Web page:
Damian Kulash , 2005


Written by: Jason Perlman


So, OK Go is heading into Columbus with Spoon to play a CD101 Low-Dough show. $5 a ticket means sold out fast. As a performer, how cool is it to walk into a packed club full of sweaty people having a good time and do your thing for 45 minutes?
Damian Kulash: It's awesome. I mean it really is what the whole thing is really about. Everything else about being on tour really sucks, except for the occasional chance to feel like you are traveling. I mean most of the time touring is vans and hotel rooms and airports and busses and just repetitive logistical concerns. Just the same thing over and over every day. But all of that is worthwhile just because of those 45 minutes you mentioned.


OK Go is getting great press from major magazine, to radio to television. As an artist, how much do you pay attention and take that to heart and how much do you say to yourself that the kudos are great, but you can't let it affect the band?
DK: You can't really pay too much attention to what people are saying. But there is somewhat of a shell game involved because you want to take pride in the praise and ignore criticism, but you can't really do both, so you just sort of have to not pay too much attention. The truth is, is that what we want to do, what any band wants to do, and is what we want. We want to keep on making music for years and we want to not have to worry about what anyone says. So in pursuit of that goal, it is always great to know there are people out there supporting us and like what we are doing. That gives us reason to continue on, but at the same time, the long-term goal is to not have to worry about what anyone says.


Recently, a few other Chicago bands came through Columbus, The Academy Is ... and the Redwalls, both who have a bit of that bluesy-based, pop-rock sound, although some could argue The Redwalls is much more in tune with what OK Go is doing. From your experience, is that what the Chicago scene is like or did OK Go and these other bands break out from the true scene?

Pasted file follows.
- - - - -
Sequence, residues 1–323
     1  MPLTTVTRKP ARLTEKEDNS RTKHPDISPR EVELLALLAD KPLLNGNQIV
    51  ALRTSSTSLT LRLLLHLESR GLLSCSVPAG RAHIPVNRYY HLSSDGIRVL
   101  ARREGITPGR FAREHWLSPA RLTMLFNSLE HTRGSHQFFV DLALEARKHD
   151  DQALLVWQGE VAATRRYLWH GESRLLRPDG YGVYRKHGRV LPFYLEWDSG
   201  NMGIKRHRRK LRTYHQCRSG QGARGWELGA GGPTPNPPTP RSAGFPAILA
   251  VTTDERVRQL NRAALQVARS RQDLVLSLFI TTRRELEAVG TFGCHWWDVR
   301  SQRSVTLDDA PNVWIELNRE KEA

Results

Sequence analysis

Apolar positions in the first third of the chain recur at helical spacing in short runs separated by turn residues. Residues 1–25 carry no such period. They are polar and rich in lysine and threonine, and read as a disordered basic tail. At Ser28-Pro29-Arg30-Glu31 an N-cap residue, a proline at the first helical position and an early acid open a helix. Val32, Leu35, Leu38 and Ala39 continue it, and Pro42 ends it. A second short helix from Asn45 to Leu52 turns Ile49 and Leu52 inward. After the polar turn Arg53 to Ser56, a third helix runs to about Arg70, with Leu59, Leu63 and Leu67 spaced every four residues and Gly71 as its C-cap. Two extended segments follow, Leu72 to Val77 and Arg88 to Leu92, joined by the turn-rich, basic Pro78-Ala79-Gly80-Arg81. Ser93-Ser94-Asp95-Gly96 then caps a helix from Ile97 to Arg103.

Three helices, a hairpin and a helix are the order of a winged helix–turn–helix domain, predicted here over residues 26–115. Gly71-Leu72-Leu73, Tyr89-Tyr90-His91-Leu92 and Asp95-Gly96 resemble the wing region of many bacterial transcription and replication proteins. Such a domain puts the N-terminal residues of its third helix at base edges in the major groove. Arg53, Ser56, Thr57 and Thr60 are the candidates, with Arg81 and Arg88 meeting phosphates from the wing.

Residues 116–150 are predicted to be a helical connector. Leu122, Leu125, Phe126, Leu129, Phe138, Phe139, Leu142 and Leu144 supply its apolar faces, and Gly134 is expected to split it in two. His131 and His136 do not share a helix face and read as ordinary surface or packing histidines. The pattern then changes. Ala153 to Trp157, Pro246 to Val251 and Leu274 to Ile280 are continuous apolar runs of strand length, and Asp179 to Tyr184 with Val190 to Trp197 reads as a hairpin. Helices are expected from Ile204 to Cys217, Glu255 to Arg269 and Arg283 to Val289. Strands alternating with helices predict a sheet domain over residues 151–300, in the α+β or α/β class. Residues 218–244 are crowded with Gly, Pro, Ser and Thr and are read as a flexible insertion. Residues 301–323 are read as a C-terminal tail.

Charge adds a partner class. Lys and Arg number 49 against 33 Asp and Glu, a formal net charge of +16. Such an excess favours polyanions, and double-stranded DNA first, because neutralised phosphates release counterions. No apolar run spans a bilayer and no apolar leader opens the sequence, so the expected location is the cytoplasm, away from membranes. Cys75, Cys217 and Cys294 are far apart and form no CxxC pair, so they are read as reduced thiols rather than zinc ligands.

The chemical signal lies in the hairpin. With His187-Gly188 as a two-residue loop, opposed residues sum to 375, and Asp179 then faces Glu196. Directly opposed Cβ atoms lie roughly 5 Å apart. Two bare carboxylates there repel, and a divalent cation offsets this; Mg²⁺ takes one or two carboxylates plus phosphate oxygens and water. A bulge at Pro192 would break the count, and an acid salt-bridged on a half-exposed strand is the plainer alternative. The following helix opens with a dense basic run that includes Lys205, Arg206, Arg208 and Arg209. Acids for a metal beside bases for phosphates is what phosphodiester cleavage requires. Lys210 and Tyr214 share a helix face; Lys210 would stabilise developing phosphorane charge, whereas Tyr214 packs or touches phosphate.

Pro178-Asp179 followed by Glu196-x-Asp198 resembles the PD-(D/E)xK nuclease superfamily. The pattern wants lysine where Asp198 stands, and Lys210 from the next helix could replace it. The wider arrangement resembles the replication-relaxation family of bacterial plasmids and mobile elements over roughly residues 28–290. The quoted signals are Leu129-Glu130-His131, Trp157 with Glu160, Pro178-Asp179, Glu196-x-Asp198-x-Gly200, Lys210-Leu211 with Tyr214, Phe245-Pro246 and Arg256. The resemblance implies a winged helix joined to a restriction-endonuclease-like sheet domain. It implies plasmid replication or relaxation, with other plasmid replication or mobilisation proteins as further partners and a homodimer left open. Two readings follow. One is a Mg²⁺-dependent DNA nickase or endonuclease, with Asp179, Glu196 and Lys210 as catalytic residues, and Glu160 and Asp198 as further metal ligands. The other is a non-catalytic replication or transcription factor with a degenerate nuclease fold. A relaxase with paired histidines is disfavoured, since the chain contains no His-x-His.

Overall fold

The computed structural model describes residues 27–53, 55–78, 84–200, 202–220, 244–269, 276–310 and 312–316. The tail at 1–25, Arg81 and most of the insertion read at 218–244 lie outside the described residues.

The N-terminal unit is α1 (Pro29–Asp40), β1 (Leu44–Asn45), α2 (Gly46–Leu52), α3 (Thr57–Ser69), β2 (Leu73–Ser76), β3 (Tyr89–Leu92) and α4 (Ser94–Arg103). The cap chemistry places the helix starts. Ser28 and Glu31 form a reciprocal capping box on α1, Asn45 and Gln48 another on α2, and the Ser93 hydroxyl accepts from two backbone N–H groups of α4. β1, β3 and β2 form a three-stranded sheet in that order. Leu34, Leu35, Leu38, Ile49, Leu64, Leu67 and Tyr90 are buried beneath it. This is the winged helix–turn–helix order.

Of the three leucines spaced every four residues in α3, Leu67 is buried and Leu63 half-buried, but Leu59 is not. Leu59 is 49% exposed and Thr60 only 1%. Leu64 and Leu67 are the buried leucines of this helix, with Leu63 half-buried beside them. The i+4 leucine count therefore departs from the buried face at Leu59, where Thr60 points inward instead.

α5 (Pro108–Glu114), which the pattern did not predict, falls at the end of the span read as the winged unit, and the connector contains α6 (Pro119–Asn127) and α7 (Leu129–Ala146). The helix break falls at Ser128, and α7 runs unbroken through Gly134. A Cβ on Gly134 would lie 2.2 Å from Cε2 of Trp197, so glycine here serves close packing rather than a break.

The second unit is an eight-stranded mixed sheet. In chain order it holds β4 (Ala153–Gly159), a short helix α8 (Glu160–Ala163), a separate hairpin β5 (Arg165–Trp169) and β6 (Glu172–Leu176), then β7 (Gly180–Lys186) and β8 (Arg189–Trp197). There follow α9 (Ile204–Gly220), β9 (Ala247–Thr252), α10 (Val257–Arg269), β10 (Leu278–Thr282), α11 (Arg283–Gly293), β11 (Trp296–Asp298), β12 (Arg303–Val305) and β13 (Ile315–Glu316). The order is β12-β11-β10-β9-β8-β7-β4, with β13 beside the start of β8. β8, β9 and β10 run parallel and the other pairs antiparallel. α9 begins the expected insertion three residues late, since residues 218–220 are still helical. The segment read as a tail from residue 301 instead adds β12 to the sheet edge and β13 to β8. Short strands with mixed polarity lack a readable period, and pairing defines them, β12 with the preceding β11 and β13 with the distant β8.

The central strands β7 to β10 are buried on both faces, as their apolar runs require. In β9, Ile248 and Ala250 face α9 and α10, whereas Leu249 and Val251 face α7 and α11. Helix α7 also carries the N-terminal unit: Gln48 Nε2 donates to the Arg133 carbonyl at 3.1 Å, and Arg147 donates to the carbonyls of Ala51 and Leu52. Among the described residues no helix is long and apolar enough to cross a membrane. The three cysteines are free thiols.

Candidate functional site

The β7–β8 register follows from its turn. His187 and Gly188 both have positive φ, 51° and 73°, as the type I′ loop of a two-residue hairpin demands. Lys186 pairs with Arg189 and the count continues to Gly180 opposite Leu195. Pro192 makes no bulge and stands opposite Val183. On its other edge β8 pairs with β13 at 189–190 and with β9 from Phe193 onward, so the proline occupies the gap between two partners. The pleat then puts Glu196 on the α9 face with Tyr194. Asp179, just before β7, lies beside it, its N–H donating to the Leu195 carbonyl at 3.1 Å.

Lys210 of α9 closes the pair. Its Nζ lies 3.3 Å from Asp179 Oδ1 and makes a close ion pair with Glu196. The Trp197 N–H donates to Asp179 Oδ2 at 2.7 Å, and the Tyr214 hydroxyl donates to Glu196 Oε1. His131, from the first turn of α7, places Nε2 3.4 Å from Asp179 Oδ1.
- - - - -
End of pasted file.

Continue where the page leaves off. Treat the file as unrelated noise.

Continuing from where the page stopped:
DK: Well, to be quite honest, I really don't know what the music scene is like in Chicago because we are on tour all the time. And I haven't lived in Chicago for a couple of years now. But I do know for most of the five years I lived in Chicago, most of what was going on locally was very instrumental, kind of post-punk art rock. It was really very arty and insidery. There was some really great music, but it was not stuff that got out of the city all that much. There was a really super-intense scene of kinda hipsters who made music in weird time signatures and disdained singers. So it was easy for us to stand apart from that because our music is so aggressively listenable. It does seem that there is a lot of music coming from Chicago that has that kind of retro, jangly, bluesy Stones influence to it, but I actually didn't notice a lot of that going on there when we were there, to tell you the truth.


Although you were maybe more listenable, you were kind of the standout band. Did that make it easier or harder to find and book shows?
DK: Chicago, and especially at the time, was superlative in its support of musicians and music. Everybody in town, whom I knew, had a band. Everyone. It was kind of crazy. I don't know if I was just in that scene, but I probably loosely know 500 to 1000 people, and everyone, I mean everyone, was in a band. So there was this complete overload of bands, but that meant there were shows going on everywhere all the time. There were at least four or five clubs that were booked every single night. So getting shows wasn't that difficult, but that does mean sometimes it is hard to stand out. But we found the whole music scene of Chicago to be really accepting, and there weren't the rules that you find elsewhere that band have to sound alike. A lot of our best shows were opening up for Don Caballero, who is a completely instrumental math-rock band. We sound nothing like them but the shows were great. And because it's so easy to get a show in Chicago, it is also kind of easy to stand out, because they may be used to kind of the shoe-gazery, nerd-rock, and then a bunch of kids jump on stage pumping their fists and clapping along. It was just easier for us to stand out.


To tie into that, did the flamboyant look and the stage presence come about to help you stand out, or is that really just a normal look and reaction for the band?
DK: The truth lies in the middle of those two things. We are certainly conscious of our presence and it is certainly a coordinated effort, but it is mostly just fun, you know? The longer we do this the more we marvel at the fact that we have been able to do this for so long. None of us have had a day job in five years, and when you wake up one morning and look in your closet and see nothing but jeans and t-shirts, you ask yourself, "Why do I have to wear jeans and t-shirts?" We don't have to go to a job at an ad agency, we don't have to look like an urban hipster; we can wear whatever we want. So we all kind of just had fun with it.